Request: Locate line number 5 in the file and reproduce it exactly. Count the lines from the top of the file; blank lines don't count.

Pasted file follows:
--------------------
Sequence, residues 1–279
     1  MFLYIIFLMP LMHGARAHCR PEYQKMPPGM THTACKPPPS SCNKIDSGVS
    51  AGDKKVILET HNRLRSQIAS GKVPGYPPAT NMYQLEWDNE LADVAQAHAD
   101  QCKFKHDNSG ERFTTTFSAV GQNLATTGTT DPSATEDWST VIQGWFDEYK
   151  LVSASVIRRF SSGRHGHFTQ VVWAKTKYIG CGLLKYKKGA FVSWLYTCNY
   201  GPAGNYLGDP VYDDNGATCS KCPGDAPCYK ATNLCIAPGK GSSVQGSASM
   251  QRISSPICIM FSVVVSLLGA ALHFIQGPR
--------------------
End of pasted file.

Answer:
   151  LVSASVIRRF SSGRHGHFTQ VVWAKTKYIG CGLLKYKKGA FVSWLYTCNY